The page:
Opportunities for Surgical Leadership in Managing Population Health Costs

Nathan, Hari MD, PhD; Dimick, Justin B. MD, MPH

doi: 10.1097/SLA.0000000000001759
Surgical Perspectives

Department of Surgery, University of Michigan, Ann Arbor, MI.

Reprints: Hari Nathan, MD, PhD, Department of Surgery, University of Michigan Health System, 2210D Taubman Center, 1500 E Medical Center Dr, Ann Arbor, MI 48109-5343. E-mail: drnathan@umich.edu.

Disclosure: J.B.D. is the cofounder of ArborMetrix, a company that makes software for profiling hospital quality and efficiency. No funding was received for this work. The authors declare no conflicts of interest.

Article Outline

The concept of population health management—long a mainstay in primary care and chronic disease management—is taking root in surgery. The 2010 Affordable Care Act (ACA) ushered in the implementation of several innovative payment models that shift accountability for population costs to health systems and providers. These changes in American population health costs care financing will create both a mandate and an opportunity for surgeons to actively participate the management of population health costs.

These payment experiments signal a sea change in healthcare financing in the United States. The Centers for Medicare and Medicaid Services (CMS) aims to have 50% of all Medicare payments tied to such alternative payment models by 2018.1 To date, CMS has primarily focused these initiatives on chronic medical conditions, but a stronger focus on surgical care is clearly on the horizon. For example, total hip and knee arthroplasty are now included in the Hospital Readmissions Reduction Program, with coronary artery bypass grafting soon to follow. The Comprehensive Care for Joint Replacement (CCJR) program will make bundled payment for joint replacements mandatory for hospitals in 75 regions. Given that inpatient surgery accounts for 40% of all hospital and physician spending in the United States,2 it is inevitable that more surgical procedures will be included in future payment experiments.

The payment innovation that is most disruptive to traditional fee-for-service medicine is the Accountable Care Organization (ACO). ACOs are groups of physicians, hospitals, and other healthcare providers that are organized and incentivized to improve the quality, efficiency, and value of care for their patients. The common thread in ACOs is that providers share the rewards of healthcare cost savings, and in some cases the risks of cost overruns. ACOs represent an ideal vehicle for surgeons to immediately impact population-based management of surgical costs. They are the most prominent and popular model of population health management and therefore serve as a laboratory for cost-saving experiments. Both the CMS and private payers are supporting the establishment of ACOs, and over 23 million Americans are now covered by more than 740 public and private ACOs.3 The largest single such program is the Medicare Shared Savings Program (SSP), which includes almost 8 million patients in 404 SSP ACOs.4 This scale will allow innovations in surgical cost management to be conducted on a population level and have broad immediate impact.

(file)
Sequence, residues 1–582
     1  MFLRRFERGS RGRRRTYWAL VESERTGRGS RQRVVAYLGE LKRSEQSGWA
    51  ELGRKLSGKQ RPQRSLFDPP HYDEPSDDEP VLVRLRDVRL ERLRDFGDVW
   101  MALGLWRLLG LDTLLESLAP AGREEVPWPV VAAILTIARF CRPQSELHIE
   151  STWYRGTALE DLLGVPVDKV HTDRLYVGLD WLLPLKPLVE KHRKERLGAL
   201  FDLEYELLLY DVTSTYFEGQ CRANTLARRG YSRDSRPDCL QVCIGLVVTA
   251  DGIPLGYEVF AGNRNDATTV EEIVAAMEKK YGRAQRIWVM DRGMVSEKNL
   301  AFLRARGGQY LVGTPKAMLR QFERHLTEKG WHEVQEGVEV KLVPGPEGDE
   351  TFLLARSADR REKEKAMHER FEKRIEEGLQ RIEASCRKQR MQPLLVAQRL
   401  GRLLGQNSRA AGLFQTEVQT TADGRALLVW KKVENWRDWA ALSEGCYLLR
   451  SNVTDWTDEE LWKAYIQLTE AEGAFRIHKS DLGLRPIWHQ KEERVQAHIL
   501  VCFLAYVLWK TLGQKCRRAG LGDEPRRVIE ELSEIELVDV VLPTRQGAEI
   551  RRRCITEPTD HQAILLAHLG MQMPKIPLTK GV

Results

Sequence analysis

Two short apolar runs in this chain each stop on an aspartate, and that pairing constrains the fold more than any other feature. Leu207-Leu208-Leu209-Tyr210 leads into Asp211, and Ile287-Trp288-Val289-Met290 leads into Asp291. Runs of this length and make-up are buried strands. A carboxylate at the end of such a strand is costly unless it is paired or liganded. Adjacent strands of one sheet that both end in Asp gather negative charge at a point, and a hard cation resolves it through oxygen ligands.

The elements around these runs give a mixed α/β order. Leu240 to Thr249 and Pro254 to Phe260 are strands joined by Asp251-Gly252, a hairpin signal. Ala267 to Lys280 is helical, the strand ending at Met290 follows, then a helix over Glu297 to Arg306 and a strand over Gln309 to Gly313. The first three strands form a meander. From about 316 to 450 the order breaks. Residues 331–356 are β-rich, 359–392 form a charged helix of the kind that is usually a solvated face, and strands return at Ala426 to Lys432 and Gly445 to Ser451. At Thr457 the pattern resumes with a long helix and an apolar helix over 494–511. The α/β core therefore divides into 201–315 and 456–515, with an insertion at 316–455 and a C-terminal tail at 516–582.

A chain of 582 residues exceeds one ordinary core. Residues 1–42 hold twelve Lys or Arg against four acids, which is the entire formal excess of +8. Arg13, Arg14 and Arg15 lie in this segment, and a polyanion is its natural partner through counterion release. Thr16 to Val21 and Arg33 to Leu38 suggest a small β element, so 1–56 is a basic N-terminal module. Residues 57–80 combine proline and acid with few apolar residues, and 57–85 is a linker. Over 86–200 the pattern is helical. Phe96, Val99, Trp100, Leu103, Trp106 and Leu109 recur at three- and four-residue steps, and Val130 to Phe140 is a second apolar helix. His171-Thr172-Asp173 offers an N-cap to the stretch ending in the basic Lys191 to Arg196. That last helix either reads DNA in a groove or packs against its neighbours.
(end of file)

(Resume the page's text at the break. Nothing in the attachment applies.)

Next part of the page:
ACOs have historically focused on chronic medical conditions, but going forward they must also focus on surgical care and will require surgical leadership to do so. Unfortunately, surgeons are woefully underrepresented in the leadership of ACOs.5 Under the Medicare SSP ACO program, patients are assigned to ACOs based on where they receive the plurality of their primary care services. However, ACOs are accountable for the entirety of their patients’ healthcare costs, including costs of specialist services such as surgery. Despite this, ACOs leaders have largely ignored surgical care.5 As ACOs exhaust the “low-hanging fruit” of healthcare cost reduction, they must inevitably broaden their focus to include specialist services such as surgical care.5

Existing ACO cost-reduction strategies for chronic medical conditions may not be directly applicable to surgical care, but their underlying principles might inform the design of surgery-specific initiatives. Surgeon champions will be needed to design and evaluate such strategies. For example, a fundamental ACO cost-reduction approach is to identify and reduce expenditures for the highest-cost medical patients, a strategy dubbed “hot-spotting.”6 Healthcare spending is concentrated on relatively few individuals, with 1% of the population accounting for over 20% of total expenditures and the top 5% for 50%.7 ACOs typically seek to reduce utilization by these highest-cost patients. The holy grail of ACO hot-spotting is avoidance of inpatient hospitalization for exacerbations of chronic conditions such as diabetes and congestive heart failure. After many complex surgical procedures, however, inpatient care cannot be altogether avoided.

One approach to reducing surgical population health costs would be to do less surgery. ACOs may be able to indirectly reduce discretionary surgery over time by funneling patients to surgeons who are more selective in recommending surgery. However, more direct attempts by ACOs to interject themselves into the surgeon-patient relationship and impact treatment decisions would likely be rejected by both patients and providers. Furthermore, as long as fee-for-service (vs capitation) remains the dominant payment model for providers, financial incentives will remain fundamentally misaligned with the goal of reducing discretionary procedures. Although addressing overutilization and appropriateness should be part of a broader strategy to reduce healthcare costs, ACOs are not particularly well positioned to tackle these issues.